Meetings sought to conclude unfinished US 29 corridor study

By Sean Tubbs

Charlottesville Tomorrow

Tuesday, November 23, 2010

A subcommittee of the Commonwealth Transportation Board is calling for a series of meetings of localities along U.S. 29 to build consensus on projects to improve travel times on the highway.

In 2009, the CTB commissioned the Parsons Transportation Group for a

$1.5 million study of the entire 219 mile U.S. 29 corridor

. The goal was to develop a blueprint to guide planning for future infrastructure improvements for the road, which is considered a “highway of national significance.”

Originally expected to be completed in November 2009, the study has been in limbo after several potential alternatives

were removed from a draft at the request of Albemarle County supervisors


One was the extension of Leonard Sandridge Road from the University of Virginia’s North Grounds using right of way originally purchased by the state for the U.S. 29 western bypass.

“[The study] failed to note that [it] would be a secondary road and there’s no visible means to ever fund such a road,” said Supervisor Dennis S. Rooker at Monday’s meeting of the

Charlottesville Metropolitan Planning Organization


This map depicts the eastern bypass alternative removed from the corridor study. Click through for a larger image (.PDF)

(Source: VDOT)

Another was the consideration of a new road that would travel north-south near Albemarle’s eastern border. Supervisors expressed concern that the route would require the use of many properties that are under conservation easements.

In a vote last December, the CTB

expressed dissatisfaction with the way the study was undertaken

. A subcommittee was tasked with developing “a plan to improve mobility and accessibility north of Charlottesville.”

The subcommittee’s recommendation, outlined in a Sept. 15 draft report, is to hire a professional facilitator to conduct a series of meetings, including a joint workshop in which Charlottesville, Lynchburg and Danville area officials would participate.

“The outcome of this workshop should be the identification of … potential solutions and new ideas and approaches into outcomes that have cross-jurisdictional support,” reads the draft outline.

Download subcommittee’s draft recommendations

However, the different localities along the corridor maintain widely divergent positions about the future of U.S. 29.

Earlier this month, the Lynchburg City Council

passed a resolution calling on the CTB to restore the alternatives

that Parsons removed at Albemarle’s request.

Mark Peake, Lynchburg’s representative on the CTB, supported the resolution.

“I think it’s an excellent proposal and we have to keep the heat on them,” Peake said in remarks to the Lynchburg council at its Nov. 9 meeting.

Lynchburg City Manager Kimball Payne acknowledged in his presentation that the existing bypass route is obsolete.

“Anybody who’s been out there lately realizes the amount of development that has occurred in that corridor in the last 25 years,” Payne told his council. “The need for the bypass certainly hasn’t gone away, but the utility of that corridor that was set aside … is now greatly in question.”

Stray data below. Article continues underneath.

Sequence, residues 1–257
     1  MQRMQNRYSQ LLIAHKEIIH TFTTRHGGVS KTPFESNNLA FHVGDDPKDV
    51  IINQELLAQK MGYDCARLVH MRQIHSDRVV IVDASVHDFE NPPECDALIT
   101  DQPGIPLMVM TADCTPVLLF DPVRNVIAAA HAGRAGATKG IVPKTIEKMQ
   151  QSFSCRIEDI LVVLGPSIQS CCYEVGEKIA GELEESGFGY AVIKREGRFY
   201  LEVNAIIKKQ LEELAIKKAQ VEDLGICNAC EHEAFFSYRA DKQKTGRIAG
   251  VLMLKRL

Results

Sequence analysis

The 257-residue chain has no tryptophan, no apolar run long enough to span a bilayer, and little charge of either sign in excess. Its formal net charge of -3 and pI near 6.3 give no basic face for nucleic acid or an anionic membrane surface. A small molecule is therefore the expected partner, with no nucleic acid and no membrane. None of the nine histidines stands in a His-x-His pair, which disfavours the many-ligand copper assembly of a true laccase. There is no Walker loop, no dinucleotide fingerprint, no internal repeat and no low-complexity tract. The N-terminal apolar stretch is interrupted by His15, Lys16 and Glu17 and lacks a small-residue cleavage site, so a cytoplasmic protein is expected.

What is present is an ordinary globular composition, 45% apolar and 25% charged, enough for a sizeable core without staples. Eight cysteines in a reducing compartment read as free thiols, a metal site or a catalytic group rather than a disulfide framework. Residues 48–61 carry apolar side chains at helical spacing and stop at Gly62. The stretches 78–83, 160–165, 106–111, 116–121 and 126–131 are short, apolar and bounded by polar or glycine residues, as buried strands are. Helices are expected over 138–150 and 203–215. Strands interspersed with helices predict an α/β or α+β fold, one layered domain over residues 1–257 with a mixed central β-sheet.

Payne said his city’s resolution was intended to send a message that Lynchburg wants a long-term transportation solution that supports statewide and national interests.

“The work that went on last summer came up with a number of ideas about what a bypass alternative might look like,” Payne said. “I think it was the expectations of the stakeholders that those ideas were going to make it through the report and be in the final published report.”

Since the 1990s, the Charlottesville MPO has consistently stood against funding construction of the western bypass, which remains in VDOT’s long range plans. The MPO’s preference has been to increase traffic flow by widening U.S. 29 and synchronizing traffic signals, building the Meadow Creek Parkway and building a series of grade-separated interchanges on U.S. 29.

This approach, which said the western bypass should be considered only after these improvements had been completed, was codified in the so-called “

Three Party Agreement

” signed in December 1991 by Charlottesville and Albemarle, and then in February 1992 by the University of Virginia.

However, the future of the grade-separation on U.S. 29 is now in doubt. The Albemarle Board of Supervisors has directed staff to de-emphasize the role that the interchanges will play in the 20-year Places29 master plan.

The transportation priorities still remaining in the draft plan are to widen U.S. 29 to six lanes north of the South Fork of the Rivanna River, as well as to build parallel roads to remove local traffic from U.S. 29.

Supervisor Rooker said he questioned the wisdom of developing corridor-wide plans.

“If you’re trying to make decisions on what to do in the corridor, at some point you have to get down into the weeds instead of looking at it from the top up,” Rooker said. He added that the changes made to the plan were made to reflect reality.

The full Commonwealth Transportation Board will vote Dec. 8 on whether to pursue the meetings-based strategy.

James Utterback, the administrator of VDOT’s Culpeper District, said it was possible the full CTB board could take another approach.

“What comes out of this meeting will dictate how this goes forward,” Utterback said.

The CTB’s contract with Parsons has now expired, and so any additional work to prepare the facilitator will be done by CTB staff with assistance from MPOs in the participating communities.